YAZIDIS ii. INITIATION IN YAZIDISM

Three different rites can mark the initiation of a Yazidi child as a member of the community.

 

YAZIDIS

ii. Initiation in Yazidism

Three different rites can mark the initiation of a Yazidi child as a member of the community: (1) the cutting of a baby boy’s first locks (bisk); (2) mor kirin, lit. “to stamp, seal,” and (3) for boys, circumcision (see also Wensinck; in Kurdish sunnet, Pers. sonnat,Turk. sünnet). The relative importance attached to each of these ceremonies varies to some extent from region to region.

(1) The bisk ceremony takes place in babyhood: according to the older literature it should be done on the fortieth day after a birth; modern Yazidis generally have it done when the boy is seven, nine, or eleven months old. The ceremony essentially consists in the cutting off of two or three of the child’s locks by the family’s shaikh. Traditionally, one lock is said to be for the child’s shaikh and one for its pir (for these social groups, see YAZIDIS at iranica.com),but in modern practice the locks are usually preserved by the family. The bisk ceremony is regarded as the central initiatory ritual by most Yazidis from Turkey, Armenia. and Syria. In the European Diaspora, the term is often translated as “baptism.” The ceremony is reminiscent of the Moslem ʿaqiqa celebrated on the seventh day after birth, when a boy’s hair is cut and a name is given (see Juynboll and Pedersen). The origins of the bisk may have been inspired by the Islamic rite, but the Yazidi ceremony takes place at a later stage, when the child has already been named.

(2) Those whose place of origin lies within easy reach of the Yazidi religious center Lalish (Pers. Lāleš, in present-day Iraq; see Dengê Ezîdiyan) tend to use the translation “baptism” for the ceremony of mor kirin, which in fact shows similarities to Christian baptism. This ceremony should ideally take place at Lalish, since water from the holy Kaniya Spî (White Spring) or the only slightly less holy Zimzim spring (cf. the Islamic Zamzam) must be used. The rite is performed by a man or woman from a shaikh or pir family who is officiating at Lalish as a Mijêwir “custodian” (Micêwirê Kaniya Sipî)at the time. Essentially, it consists of pouring holy water from either spring on the child’s head three times. Ideally, mor kirin should be done when the child is nine or ten years old, but, if this is not possible, it may be done at any stage during a person’s life. According to Iraqi Yazidi tradition, the corpses of those who die without mor kirin should be especially washed by their shaikh, pir, or “Brother/Sister of the Hereafter” (Kurd. Birayê/Xushka Axiretê) or, failing that, by someone else in their name. For those who are unable to get to Lalish, the ritual may be performed with water from the Lalish springs which has been brought to their dwelling places by someone else. Nevertheless the custom is more widely observed by Yazidis whose places of origin is near Lalish than by those from Turkey or Armenia. The latter no longer appear to regard it as an essential part of Yazidi life. The Yazidi ceremony may owe its origin to Christian practice, but, since water probably played an important role in pre-Islamic Iranian religions, the question of its roots must remain a matter of speculation.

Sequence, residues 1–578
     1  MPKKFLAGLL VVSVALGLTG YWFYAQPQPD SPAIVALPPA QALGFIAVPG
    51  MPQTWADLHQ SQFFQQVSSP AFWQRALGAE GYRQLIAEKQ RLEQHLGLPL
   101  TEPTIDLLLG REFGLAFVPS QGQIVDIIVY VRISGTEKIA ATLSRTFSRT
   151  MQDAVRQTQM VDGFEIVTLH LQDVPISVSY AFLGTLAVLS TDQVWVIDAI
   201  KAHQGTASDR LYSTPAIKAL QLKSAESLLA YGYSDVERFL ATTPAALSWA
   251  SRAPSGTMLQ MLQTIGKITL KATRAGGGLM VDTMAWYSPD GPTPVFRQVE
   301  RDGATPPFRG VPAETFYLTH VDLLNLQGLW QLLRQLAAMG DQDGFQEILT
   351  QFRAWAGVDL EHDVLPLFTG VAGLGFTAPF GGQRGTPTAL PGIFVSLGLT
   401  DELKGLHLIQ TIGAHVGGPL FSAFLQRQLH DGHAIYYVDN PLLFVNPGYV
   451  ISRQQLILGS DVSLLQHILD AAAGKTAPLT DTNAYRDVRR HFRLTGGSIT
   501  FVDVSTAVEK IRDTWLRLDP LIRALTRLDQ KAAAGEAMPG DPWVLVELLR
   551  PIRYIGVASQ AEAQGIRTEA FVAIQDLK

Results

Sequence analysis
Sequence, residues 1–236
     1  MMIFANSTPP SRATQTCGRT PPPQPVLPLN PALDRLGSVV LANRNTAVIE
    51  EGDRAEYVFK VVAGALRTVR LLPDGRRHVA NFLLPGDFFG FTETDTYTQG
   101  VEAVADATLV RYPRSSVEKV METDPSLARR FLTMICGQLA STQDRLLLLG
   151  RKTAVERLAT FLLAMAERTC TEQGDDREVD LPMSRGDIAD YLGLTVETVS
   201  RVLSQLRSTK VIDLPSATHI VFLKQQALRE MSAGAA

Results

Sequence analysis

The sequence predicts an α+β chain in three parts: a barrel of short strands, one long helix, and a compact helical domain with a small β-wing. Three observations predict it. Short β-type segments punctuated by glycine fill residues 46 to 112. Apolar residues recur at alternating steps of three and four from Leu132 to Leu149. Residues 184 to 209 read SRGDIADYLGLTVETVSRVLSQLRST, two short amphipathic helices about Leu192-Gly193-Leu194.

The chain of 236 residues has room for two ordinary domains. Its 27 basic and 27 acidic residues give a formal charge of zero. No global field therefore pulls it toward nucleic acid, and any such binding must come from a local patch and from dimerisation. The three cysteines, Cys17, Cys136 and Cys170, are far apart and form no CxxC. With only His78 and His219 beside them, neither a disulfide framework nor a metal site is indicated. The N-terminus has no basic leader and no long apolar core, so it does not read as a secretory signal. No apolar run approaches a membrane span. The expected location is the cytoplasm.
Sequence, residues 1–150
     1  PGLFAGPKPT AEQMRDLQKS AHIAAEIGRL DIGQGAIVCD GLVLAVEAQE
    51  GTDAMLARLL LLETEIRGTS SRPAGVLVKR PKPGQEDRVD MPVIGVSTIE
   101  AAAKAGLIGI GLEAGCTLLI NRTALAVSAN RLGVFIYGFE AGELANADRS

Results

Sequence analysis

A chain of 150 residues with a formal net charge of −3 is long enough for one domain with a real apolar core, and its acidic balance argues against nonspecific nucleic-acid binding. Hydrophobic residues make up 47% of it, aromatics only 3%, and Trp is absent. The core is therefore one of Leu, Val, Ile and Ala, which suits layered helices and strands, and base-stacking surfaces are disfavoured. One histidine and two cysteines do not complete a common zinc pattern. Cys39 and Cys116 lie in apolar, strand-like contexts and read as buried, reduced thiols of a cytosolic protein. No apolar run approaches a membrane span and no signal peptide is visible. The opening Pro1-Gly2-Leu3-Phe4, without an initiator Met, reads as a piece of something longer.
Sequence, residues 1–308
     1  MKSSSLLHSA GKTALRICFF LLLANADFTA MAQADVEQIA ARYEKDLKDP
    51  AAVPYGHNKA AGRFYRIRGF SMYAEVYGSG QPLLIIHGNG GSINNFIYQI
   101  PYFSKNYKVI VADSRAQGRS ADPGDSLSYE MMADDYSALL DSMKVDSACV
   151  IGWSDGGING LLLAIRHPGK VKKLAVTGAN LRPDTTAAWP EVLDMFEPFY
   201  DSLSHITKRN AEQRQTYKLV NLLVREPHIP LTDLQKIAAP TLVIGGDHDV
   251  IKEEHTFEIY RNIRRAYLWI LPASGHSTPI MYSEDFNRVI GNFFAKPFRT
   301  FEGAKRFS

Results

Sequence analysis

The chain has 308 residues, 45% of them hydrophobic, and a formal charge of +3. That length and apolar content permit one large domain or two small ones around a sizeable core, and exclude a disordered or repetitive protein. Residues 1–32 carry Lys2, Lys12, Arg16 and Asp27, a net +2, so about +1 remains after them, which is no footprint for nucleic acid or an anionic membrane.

(3) Circumcision, the third initiatory ritual for boys, is, with certain exceptions, generally practised among Yazidis. The operation is usually performed soon after birth. It takes place on the knees of the kerîf (approximately “godfather”), with whom the child will have a life-long formal relationship. A range of obligations arises from this relationship, and the two families may not intermarry for seven generations. The kerîf is therefore generally chosen from a group with whom intermarriage would in any case be impossible, such as a caste other than one’s own or a Moslem family. Circumcision is said to have been traditionally rejected by the prominent Ḵālitiya tribe, which seems to have been more strongly exposed to Christian influences than most other Yazidi communities. It is not, or no longer practised in Armenia. This suggests that, although most Yazidis regard the rite as essential, it is perceived by others as being of Islamic origin and therefore not obligatory on Yazidis.

 

Bibliography:

Th. W. Juynboll and J. Pedersen, “Aḳīḳa,” in EI2 I, pp. 337.

P. G. Kreyenbroek, Yezidism, its Background, Observances and Textual Tradition, Lewiston, N.Y., 1995. A. J. Wensinck, “Khitān,” in EI2 V, pp. 20-22.

Websites, accessed on 11 March 2005.

Lalish.com, at http://www.lalish.com/. Dengê Ezîdiyan, “Die Geschichte des Religionszentrums Lalish,” at http://www.yezidi.org/.

August 11, 2005

(Philip G. Kreyenbroek)

Originally Published: July 20, 2005

Last Updated: July 20, 2005